Challenge,  publishing

I Don’t Care!

I Really, Really Don’t…

I constantly get letters from people talking about traditional publishing in one fashion or another, assuming, I suppose, that I still care about the buggy-whip factories of publishing. And sometimes, like a few days ago, I post about something going on in traditional publishing that just makes me laugh.I do posts like that to entertain myself because I had to live in that traditional publishing world for decades. I can make snorting noises at it now if I want.

I do have interest when copyright issues are being hammered out in court by a traditional publisher, or a trademark issues. But past that legal interest, or a watching-the-car-wreck enjoyment, I flat don’t care one bit about traditional publishing.

I do care that so many beginning writers spend their dreams that way, but as the old saying goes, you can lead a writer to knowledge but you can’t get them to think.

So I honestly with the big five would collapse even faster to save writers from themselves. But past that, I just don’t care.. This is almost 2023 and it is not my issue some writers and a lot of other pundits in publishing want to stay anchored in 1990.

The big industry of publishing has so gone past the old methods of traditional publishers, it is amazing. And so many writers in traditional come to me about not making any money anymore, or not being able to “sell” a book to a publisher, when there are thousands and thousands of writers making fantastic money indie publishing their own work and having total control of it.

The new world of publishing and licensing copyright is just forming for writers. It is an amazing future coming. And except for a little entertainment, I seldom bother to look back at the smoking pile of debris that is the traditional publishing big five.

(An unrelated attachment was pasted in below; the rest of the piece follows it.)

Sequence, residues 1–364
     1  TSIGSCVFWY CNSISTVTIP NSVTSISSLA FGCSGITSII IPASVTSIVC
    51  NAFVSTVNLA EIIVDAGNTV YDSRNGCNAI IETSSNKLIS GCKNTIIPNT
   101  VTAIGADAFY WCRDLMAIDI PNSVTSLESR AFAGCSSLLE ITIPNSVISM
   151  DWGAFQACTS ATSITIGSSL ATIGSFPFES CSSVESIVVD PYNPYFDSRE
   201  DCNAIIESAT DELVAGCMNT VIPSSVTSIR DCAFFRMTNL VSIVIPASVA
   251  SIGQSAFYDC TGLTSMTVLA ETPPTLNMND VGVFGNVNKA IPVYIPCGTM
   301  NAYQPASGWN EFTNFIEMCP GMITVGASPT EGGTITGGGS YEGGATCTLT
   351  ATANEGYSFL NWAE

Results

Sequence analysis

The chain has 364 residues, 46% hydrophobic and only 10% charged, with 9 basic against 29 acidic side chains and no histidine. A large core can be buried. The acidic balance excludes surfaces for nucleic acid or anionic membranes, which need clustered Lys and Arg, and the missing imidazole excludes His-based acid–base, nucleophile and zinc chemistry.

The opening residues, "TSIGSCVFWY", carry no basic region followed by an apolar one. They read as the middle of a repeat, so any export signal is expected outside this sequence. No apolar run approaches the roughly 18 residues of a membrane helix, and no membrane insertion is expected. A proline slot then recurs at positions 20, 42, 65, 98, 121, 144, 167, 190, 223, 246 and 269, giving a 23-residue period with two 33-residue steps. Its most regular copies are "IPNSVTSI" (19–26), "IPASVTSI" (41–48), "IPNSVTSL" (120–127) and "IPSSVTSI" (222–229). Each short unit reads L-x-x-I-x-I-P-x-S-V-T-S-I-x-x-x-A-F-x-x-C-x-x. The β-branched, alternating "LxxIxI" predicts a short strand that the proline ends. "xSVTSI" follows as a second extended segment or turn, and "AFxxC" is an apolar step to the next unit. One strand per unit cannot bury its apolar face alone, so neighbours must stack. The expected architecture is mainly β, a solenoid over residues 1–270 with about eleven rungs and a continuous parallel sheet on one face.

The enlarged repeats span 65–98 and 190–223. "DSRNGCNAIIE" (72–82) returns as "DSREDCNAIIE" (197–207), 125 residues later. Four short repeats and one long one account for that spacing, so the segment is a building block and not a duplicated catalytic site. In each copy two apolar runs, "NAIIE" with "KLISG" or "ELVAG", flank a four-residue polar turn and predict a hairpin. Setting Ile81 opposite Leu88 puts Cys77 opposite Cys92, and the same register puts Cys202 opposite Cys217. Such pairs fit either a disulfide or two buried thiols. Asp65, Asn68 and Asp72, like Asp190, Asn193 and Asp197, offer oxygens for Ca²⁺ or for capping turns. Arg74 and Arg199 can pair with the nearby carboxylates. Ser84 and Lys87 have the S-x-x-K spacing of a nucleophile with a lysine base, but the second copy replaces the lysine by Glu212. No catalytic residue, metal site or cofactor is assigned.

And I most certainly don’t care, because what happens to the big five will make absolutely no difference to the modern writer. None.

And finally, that is how it should be.


  • Anthony Izzo

    I did three traditionally published books and went through rewrite hell with an agent. That was enough for me. I was thrilled when indie publishing took off. I’ve been doing indie/self publishing since 2011 and have never been happier with writing and publishing.

  • Mark Kuhn

    My wife subscribed to Masterclass for their cooking classes. Then she told me about their writing classes. I had always known they offered writing classes on that site, but I never considered dropping a dime on them.
    So I glanced through the James Patterson class first. I enjoy his books, but all he hammered on was all the myths. And the drudgery of outlining. Then it was all about getting an agent. You need to have an agent, he preaches.
    All the writers teaching on Masterclass talk about is traditional publishing. I don’t think a single one of them even mentioned indie publishing. To be honest, maybe one of them did, but I really didn’t want to find out because after listening to Patterson’s class, my critical voice was like, “See? See? I told you this is how it’s done! James Patterson wouldn’t lie to you!”
    There are still too many people preaching traditional publishing. And too many beginning writers are falling into that trap. At the end of the day the writers on Masterclass are all under contract so I assume they are not allowed to speak against their leash-holders and the gatekeepers.

    • dwsmith